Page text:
The space race, a famous term used to define the period of the beginning of the conquest of space by States, allowed many scientific advances and marked the second half of the twentieth century. It was marked, at its beginnings, by strong competition between the United States of America and the U.S.S.R., for reasons of national prestige linked to the Cold War. But if most of the States were content, at the time, to put in place the necessary means to send men and women into space, and to explore outer space, the United States and Russia already had in mind the will to create space motorcycles capable of riding on the lunar ground.
It is the appearance of the race for space motorcycles between the United States of America and the U.S.S.R.. This race for space motorcycles began at the end of the 1960s, at the same time as the conquest of space itself. Indeed, NASA’s Spacecraft Design Division in Houston, Texas, began designing a minibike specifically for use on the Moon in the late 1960s. They wanted it to be small, portable and ideally foldable so that they would not have to redesign their existing landing vehicle.
The major problem NASA had at that time was not knowing what the surface of the moon looked like. Since the conquest of the moon was too recent, space agencies still lacked information about the composition of the moon and conditions in space, which made it difficult to develop American spacecraft. In addition, they did not have the same mathematical knowledge at that time as they do today, which made the design of space motorcycles more complicated. Another factor to consider was the weight of the space suits, which were extremely heavy and weakened the space motorcycles under their weight. The U.S. Space Agency had floated the idea of making metal tires to increase their resistance to the weight of the astronauts.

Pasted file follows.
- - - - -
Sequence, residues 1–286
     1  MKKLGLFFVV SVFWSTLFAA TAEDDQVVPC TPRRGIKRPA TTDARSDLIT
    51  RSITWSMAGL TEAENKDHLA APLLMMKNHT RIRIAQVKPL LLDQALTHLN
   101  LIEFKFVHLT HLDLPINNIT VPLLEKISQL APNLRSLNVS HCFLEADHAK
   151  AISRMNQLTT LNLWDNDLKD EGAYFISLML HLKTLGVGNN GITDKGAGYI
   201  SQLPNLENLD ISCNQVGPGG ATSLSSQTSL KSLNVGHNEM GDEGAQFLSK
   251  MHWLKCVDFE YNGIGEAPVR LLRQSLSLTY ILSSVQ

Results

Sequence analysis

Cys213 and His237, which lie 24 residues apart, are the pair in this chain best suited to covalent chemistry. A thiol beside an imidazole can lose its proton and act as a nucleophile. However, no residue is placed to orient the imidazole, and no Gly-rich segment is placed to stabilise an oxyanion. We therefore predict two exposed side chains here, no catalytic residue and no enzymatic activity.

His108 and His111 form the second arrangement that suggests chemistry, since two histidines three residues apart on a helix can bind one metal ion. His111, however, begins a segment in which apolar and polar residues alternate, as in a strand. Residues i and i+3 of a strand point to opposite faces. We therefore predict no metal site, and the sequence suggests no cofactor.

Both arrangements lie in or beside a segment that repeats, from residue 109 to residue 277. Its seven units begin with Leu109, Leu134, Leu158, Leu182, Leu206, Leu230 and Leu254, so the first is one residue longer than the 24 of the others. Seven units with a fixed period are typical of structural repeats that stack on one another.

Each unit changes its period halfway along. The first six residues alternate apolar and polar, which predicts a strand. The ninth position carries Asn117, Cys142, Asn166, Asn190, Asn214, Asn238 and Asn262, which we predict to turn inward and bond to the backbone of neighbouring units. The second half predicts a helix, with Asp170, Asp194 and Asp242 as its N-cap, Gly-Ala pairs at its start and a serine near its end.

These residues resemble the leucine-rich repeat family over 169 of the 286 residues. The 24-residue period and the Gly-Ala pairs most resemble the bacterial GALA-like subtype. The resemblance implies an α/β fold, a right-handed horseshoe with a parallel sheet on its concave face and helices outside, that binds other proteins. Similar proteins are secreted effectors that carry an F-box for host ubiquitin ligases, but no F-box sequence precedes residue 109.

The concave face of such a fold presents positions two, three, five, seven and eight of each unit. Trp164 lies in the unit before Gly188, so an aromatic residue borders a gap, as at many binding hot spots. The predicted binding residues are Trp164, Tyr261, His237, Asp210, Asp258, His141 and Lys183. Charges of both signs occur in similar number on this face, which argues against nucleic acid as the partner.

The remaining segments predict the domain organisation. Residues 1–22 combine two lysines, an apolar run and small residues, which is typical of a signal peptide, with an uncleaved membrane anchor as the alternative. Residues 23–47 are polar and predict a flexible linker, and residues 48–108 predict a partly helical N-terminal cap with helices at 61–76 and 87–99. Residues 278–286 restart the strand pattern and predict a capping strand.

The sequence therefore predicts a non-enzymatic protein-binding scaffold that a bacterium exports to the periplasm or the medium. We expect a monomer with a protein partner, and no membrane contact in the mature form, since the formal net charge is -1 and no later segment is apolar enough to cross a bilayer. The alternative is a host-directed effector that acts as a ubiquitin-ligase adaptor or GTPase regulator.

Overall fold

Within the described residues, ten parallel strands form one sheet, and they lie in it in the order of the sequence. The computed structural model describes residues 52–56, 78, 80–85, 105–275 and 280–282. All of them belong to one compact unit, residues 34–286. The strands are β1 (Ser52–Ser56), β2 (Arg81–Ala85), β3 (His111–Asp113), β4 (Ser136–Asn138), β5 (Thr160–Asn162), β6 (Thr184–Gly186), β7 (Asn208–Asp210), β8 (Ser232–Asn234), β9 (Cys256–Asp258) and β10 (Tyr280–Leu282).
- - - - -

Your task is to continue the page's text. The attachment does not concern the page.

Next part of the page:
In the end, American space motorcycles never saw the light of day and were never sent into space, as NASA opted for the creation of the Lunar Rover (LVR), a battery-powered four-wheel rover used and sent to the Moon in the last three missions of the American Apollo 15, 16, and 17 program during 1971 and 1972, also known as Moon buggies. These moon buggies are easier to use than space motorcycles and can carry up to two astronauts at a time, whereas a space motorcycle could only carry one.
Meanwhile, Russia (the U.S.S.R. at the time) in the early 1960s, had called on the manufacturer Zvedza and the Soviet military station Almaz to develop prototypes of maneuverable space vehicles that unfortunately never took off. The idea sought by the Soviets was to allow cosmonauts to roll easily between space stations. In the end, neither of the two states were able to complete the design of these space motorcycles and this mission ended up being forgotten by the states in favor of other more important and accessible missions.